The controversial story of a young women’s search for peace in Palestine comes to life thanks to TheatreLAB
TheatreLAB’s newest production is already causing a stir – its controversial topics are as old as some of the oldest conflicts between faiths – but it’s also a powerful story of one woman who lost her life in the pursuit of peace.
“Rachel Corrie takes a journey outside herself and uses her desire for empathy and change in the world to better herself,” said Heather Falks, the director of the new production, My Name is Rachel Corrie, which opened last week at TheatreLAB’s The Basement. She was approached about producing a one-woman show inline with the company’s Cellar Series called When The Other Becomes The Self.
“I immediately thought of this play,” Falks said. “It seemed a perfect fit with the show series.”
No stranger to RVA Theatre, Falks dug in and submitted My Name is Rachel Corrie because of the shows powerful, albeit controversial narrative. Written by journalist Katharine Viner and actor Alan Rickman after sifting through Corrie’s life-long journal entries, the play tells the story of a young woman who comes to understand her place and privilege in the world before devoting, and eventually giving, her life in the name of peace in war-torn Palestine.
“She struggled with it and had a lot of class guilt,” said Falks, describing what first attracted her to the production. “She worked through it it at a young age. It was remarkable how in touch she was with ‘the other’ even when she was still a kid.”
But the connection to Corrie goes beyond the powerful story; she was born the same year as Falks and some of the other production staff – and she died by the age of 23.
“There’s a universal connection where we all kind find a little piece of ourselves in Rachel’s story cause she says a lot about humanity and how we need to take care of each other,” Falks said.
Then there’s the broader controversy of the topic. It’s hard to bring up Israel or Palestine without evoking any number of possible reactions from a crowd. And while theatre is often a great place to tap into those feelings, Falks said that wasn’t her motivation for producing the play.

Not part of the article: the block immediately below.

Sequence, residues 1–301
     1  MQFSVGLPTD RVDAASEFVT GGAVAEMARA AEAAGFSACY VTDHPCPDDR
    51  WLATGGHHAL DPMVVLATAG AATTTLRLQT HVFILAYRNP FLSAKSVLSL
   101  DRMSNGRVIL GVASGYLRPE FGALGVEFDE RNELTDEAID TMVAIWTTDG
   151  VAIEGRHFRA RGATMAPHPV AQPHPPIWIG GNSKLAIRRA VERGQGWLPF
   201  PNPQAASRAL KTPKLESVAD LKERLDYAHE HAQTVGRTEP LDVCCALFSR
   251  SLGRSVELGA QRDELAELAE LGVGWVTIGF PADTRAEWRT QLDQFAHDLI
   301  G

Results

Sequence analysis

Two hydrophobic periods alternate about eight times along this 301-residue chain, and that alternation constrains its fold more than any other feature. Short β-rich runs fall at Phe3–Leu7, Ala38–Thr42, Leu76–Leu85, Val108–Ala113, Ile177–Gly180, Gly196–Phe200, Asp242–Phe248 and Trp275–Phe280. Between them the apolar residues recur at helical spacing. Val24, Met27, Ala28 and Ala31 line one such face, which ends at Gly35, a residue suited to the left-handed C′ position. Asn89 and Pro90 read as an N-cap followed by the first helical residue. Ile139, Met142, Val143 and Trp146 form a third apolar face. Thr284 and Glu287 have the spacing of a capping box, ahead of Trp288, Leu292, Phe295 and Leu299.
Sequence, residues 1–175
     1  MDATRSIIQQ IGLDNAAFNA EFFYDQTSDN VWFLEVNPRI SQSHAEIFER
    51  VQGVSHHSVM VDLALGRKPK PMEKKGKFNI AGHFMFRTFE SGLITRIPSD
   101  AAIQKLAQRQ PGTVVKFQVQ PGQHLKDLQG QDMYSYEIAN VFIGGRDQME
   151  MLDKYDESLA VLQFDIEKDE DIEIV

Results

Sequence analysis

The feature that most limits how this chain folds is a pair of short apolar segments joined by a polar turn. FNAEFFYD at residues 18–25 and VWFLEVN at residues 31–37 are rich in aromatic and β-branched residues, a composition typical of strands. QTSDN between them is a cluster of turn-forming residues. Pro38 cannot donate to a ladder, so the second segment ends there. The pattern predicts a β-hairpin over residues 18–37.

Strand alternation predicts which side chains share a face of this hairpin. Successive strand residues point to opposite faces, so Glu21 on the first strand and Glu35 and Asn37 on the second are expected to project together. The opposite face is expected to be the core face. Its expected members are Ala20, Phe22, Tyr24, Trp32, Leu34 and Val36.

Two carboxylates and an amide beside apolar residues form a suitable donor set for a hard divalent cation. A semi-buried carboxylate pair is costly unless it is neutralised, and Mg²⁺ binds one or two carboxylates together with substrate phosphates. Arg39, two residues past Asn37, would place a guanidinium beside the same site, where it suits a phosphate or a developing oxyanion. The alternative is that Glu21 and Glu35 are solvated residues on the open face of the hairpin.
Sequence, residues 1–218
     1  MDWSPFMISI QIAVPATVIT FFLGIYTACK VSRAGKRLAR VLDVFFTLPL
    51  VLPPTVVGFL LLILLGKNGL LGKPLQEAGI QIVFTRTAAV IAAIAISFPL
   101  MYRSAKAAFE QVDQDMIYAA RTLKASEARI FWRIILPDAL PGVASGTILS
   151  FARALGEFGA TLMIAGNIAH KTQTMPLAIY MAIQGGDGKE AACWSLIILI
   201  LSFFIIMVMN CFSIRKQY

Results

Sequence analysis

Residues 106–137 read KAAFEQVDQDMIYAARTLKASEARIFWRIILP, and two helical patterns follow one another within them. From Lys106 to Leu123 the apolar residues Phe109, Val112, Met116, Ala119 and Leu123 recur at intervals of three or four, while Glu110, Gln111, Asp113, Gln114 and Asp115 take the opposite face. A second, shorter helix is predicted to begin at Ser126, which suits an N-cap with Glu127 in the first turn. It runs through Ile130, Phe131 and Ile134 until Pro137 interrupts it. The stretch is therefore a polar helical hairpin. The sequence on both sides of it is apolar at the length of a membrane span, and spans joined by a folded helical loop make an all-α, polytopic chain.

“… There’s some very polarized views on the situation,” she said. “While the politics of the conflict are very much a center of the piece, the real message is a story of conflict with a message of peace and I hope that’s what people walk away with.”
But that hasn’t stopped some people from lobbing complaints – Richmond has a long and rich history with the Jewish communitiy and there were bound to be some concerns from those who feel strongly about the issue.
“There’s been pushback already with people saying it’s one sided – and it is one sided because its her story, but its in no way trying to give a definitive answer,” Falks said. “You’re supposed to look at her journey and learn from it. She’s not just a headline, she’s just like us, and we all have the potential to live to the fullest.”
Kaelie James, the recent VCU Theatre grad who has dawned the role of Corrie for the play’s run, stood out from the first time she audition, according to Falks and Deejay Gray, TheatreLAB’s Artistic Director. Using a home-made, 10-min cut of the play, James offered such a moving audition it brought the play producers to tears.
While Gray said Kaelie may not physically resemble Corrie, he said other qualities from the actress helped bring the role to life.
“She is a dedicated human rights activist who is passionate about giving visibility to social justice issues and making her voice heard,” said Gray. “Kaelie is also the same age as Rachel was when she died. So, in the end, given The Cellar Series theme, we thought that finding someone who looked entirely different from the ‘real’ Rachel was a a much more exciting choice for our production.”
Your chance to catch this controversial and powerful production happens now through this Saturday, 3/11, at The Basement. You can snag tickets here.
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